soft ride boots


I would leave the boots off during the day and put them on at night while he was outside. My vet swore the boots would hold up being turned out in them and that they would stay on. I will say, they have held up great for all wear and tear they’ve been through already. However, they don’t stay on well at all. At some point during the night, Te always manages to slip out of them. It doesn’t matter what I do to try and get them to stay on, they just won’t. That is my only complaint with the boots. I don’t know if he’s over stepping and pulling them off or what, but he is somehow getting out of them and when I put them on they are snug, so I just don’t get it. Part of me wonders if the vet ordered a wrong size for him. When he’s first trimmed they fit perfect but about 3 weeks into wearing them after a trim his hoof seems to long which leads me to believe we should have got one size up. But they are very expensive so I just deal with picking them up out of the pasture instead of ordering more. They have worked for him so far, so that’s all that matters.


The Result

This treatment plan worked well for Te. After a month of doing all this, he was much better and not sore anymore. I think we caught the disease early enough we were able to keep it from getting worse and even cure it. Te will always be prone to getting Laminitis, which means I’ll have to continue to keep him on a good diet and not let him get over weight. I’ll also have to be careful about how much grass I let him eat. I plan to keep him on the same feed, wearing the boots at night while turned out and rotating him on and off the grassy pasture to the dry lot to keep him from getting to much grass. This plan has been working the last couple of weeks so I expect it will continue to be a good plan for him.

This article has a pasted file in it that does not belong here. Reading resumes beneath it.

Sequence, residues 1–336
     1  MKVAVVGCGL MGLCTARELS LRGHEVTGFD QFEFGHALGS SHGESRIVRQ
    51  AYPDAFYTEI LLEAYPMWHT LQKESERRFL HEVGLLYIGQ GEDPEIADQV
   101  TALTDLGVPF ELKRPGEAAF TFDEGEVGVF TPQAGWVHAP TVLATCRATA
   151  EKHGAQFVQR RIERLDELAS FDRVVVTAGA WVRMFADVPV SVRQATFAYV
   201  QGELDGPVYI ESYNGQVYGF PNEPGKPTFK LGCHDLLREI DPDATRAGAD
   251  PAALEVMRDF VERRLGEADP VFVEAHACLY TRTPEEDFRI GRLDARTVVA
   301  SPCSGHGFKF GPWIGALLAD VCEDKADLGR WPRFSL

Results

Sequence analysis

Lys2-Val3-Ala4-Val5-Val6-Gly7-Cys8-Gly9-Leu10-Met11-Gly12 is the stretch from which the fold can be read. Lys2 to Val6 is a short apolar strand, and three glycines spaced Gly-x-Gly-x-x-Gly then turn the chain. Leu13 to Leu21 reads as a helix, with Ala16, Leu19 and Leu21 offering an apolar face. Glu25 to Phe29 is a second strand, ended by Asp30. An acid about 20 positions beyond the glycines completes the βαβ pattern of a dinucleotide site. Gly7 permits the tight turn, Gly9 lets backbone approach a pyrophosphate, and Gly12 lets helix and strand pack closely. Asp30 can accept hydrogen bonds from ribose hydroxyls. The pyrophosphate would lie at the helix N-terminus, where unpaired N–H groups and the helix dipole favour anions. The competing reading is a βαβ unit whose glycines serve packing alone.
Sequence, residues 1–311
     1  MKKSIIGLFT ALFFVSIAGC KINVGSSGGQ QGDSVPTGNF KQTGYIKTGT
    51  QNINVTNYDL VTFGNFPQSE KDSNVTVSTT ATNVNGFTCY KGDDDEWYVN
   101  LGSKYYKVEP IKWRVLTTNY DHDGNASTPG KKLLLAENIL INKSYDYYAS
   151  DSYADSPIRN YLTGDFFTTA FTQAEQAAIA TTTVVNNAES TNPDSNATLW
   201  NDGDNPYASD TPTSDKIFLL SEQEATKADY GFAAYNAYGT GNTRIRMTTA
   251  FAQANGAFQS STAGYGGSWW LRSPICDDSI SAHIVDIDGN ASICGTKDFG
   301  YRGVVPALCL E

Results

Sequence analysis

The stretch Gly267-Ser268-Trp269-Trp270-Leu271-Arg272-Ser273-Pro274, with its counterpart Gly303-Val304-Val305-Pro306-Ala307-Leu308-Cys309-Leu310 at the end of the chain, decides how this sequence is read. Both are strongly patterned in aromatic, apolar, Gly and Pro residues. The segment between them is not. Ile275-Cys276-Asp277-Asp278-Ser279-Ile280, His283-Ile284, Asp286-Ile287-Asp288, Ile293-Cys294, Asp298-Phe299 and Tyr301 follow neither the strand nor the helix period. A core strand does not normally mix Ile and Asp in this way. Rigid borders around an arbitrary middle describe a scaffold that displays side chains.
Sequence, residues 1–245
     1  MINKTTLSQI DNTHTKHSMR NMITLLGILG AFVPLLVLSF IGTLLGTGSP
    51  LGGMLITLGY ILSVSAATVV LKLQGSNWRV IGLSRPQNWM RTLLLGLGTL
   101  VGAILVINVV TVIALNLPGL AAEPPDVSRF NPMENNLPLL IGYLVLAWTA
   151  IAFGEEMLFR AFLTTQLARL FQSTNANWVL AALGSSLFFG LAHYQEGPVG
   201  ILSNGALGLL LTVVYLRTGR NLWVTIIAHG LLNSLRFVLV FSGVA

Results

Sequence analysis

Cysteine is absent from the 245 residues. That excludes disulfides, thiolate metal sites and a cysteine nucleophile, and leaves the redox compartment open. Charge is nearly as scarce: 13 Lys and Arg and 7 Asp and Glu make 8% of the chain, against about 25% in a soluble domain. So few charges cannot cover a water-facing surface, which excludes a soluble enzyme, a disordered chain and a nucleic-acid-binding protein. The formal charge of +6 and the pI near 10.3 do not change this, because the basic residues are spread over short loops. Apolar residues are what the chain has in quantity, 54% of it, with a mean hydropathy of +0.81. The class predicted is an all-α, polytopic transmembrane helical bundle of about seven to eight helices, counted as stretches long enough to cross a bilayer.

So Tell Me..

Have you had a horse with Pre-Laminitis or Full blow Laminitis? What type of treatment did you do for your horse?   

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  • Reply
    July 15, 2015 at 10:06 am